99% Alumina is extremely hard and is used as a component on rotary and reciprocating pumps that handle chemicals. Shafts, bearings, thrust washers, plungers, and counter face seals on pumps that handle chemicals use 99% alumina material.
99.5% Alumina is a very pure form of alumina that is used for semiconductors, semiconductor chambers and fixtures. It has low particle generation and is vacuum tight.
99.7% Alumina has a 98% reflectance efficiency at 1064 nanometers (nm) and a 96% reflectance at wavelengths of 500 to 2000 nm making it perfect for laser reflectors. It can be used for pumping chambers for flash lamps and continuous wave lasers.
99.8% Alumina is very high purity and has been developed for semiconductors. It has excellent chemical and plasma resistance with dielectric properties for high voltage applications. It can be used for semiconductor applications that include PVD, CVD, and CMP oxide etching, ion implants, and photolithography to name a few. This percentage of alumina has wide use in the semiconductor industry.
99.9% Alumina is the ultra-pure alumina, which can be applied in severe applications, such as plasma etching components and nuclear grade insulator components. The properties of 99.9% alumina can be seen in the chart below from CoorsTek.
|Flexural Strength, MOR (20 °C)||MPa||350 - 600|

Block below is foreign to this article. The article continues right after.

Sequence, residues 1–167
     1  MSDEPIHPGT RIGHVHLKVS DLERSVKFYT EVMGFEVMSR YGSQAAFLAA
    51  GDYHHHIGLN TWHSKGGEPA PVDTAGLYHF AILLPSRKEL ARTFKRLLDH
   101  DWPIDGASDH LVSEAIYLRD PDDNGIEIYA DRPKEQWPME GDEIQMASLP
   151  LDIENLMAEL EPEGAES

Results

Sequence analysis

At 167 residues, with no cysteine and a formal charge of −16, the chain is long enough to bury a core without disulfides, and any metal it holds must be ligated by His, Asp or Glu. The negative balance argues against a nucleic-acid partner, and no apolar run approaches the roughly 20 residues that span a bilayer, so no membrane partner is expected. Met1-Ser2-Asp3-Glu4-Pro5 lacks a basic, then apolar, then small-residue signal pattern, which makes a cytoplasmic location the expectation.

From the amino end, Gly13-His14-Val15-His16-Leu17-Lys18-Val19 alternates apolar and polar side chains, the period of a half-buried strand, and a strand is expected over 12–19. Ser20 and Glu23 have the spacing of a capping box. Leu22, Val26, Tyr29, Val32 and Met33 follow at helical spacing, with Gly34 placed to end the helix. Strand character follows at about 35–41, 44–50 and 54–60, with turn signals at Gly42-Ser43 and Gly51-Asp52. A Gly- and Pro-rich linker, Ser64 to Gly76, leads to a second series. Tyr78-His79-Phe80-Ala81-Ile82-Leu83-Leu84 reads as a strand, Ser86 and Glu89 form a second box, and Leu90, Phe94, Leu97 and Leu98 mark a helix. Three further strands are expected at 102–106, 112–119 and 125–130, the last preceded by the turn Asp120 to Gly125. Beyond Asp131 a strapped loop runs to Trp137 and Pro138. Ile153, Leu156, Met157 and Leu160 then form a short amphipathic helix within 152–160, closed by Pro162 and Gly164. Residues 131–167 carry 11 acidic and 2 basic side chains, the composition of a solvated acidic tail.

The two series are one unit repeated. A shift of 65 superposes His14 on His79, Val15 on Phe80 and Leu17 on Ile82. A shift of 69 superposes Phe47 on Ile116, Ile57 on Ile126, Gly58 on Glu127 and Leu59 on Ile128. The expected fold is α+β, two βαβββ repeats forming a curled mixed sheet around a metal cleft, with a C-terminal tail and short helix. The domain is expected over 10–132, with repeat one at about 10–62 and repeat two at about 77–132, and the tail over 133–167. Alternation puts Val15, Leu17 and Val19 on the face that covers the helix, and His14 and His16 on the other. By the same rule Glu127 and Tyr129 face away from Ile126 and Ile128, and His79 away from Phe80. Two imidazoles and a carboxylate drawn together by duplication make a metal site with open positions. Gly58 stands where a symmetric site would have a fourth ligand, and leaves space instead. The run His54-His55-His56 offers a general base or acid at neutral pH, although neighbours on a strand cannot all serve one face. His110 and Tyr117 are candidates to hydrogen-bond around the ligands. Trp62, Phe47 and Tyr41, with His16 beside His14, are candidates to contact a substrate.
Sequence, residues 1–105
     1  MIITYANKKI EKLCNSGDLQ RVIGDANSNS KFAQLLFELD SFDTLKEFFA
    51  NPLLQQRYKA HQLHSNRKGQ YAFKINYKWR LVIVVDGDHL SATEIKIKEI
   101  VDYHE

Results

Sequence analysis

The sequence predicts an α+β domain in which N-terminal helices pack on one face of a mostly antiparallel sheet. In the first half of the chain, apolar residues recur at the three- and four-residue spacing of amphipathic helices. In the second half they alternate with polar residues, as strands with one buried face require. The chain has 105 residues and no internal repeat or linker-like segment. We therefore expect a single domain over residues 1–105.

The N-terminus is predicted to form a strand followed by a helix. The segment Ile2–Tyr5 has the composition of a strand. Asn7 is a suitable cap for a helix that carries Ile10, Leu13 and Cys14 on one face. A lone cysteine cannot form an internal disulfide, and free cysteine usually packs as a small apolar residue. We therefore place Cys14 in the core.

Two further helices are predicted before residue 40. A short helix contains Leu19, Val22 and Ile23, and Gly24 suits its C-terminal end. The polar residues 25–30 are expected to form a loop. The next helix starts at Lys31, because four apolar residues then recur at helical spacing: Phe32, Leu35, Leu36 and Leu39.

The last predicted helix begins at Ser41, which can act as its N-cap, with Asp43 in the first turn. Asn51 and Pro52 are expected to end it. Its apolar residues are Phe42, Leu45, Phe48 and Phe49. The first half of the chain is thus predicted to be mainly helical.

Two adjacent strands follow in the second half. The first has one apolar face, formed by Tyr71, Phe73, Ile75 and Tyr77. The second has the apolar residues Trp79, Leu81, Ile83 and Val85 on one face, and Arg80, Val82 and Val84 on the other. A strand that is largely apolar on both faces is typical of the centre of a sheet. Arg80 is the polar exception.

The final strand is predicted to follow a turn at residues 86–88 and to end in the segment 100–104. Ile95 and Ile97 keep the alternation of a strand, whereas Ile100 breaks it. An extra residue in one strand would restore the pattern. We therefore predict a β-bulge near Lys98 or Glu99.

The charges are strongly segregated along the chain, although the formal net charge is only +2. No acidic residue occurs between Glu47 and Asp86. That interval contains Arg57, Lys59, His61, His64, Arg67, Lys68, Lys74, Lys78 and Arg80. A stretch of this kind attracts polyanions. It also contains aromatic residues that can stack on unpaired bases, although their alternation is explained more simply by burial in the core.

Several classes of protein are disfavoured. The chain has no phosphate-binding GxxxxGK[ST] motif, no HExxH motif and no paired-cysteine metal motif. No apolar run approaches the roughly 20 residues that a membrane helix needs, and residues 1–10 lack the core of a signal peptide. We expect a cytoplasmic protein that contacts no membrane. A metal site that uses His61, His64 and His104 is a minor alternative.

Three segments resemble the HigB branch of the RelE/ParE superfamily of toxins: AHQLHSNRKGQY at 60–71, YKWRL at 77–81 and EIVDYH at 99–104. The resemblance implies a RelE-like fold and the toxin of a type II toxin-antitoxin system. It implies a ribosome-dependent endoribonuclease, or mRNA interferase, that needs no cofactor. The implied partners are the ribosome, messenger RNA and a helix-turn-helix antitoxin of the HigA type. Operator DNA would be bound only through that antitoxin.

|Fracture Toughness, KIc||MPa m1/2||4.0 - 5.0|
|Thermal Conductivity (20 °C)||W/m K||28 - 35|
|Coefficient of Thermal Expansion||1 x 10-6/°C||8.0 - 8.5|
|Maximum Use Temperature||°C||1750 - 1800|
|Dielectric Strength (6.35mm)||ac-kV/mm||8.7|
|Dielectric Loss (tan δ)||1MHz, 25 °C||10-4 to 10-3|
|Volume Resistivity (25°C)||Ω-cm||1014 to > 1015|
- Alumina, Aluminum Oxide (Al2O3), is an industrial ceramic that has high hardness, is long wearing, and can only be formed by diamond grinding.
- Alumina ceramics are made from a white granular material or a very fine silky dense powder refined from bauxite.
- Alumina is a major engineering material that has excellent mechanical and electrical properties, which makes it applicable for a wide range of uses.
- The powder material for alumina ceramics comes from the processing of bauxite, which is an aluminum rich clay like material located a few meters below the earth’s crust.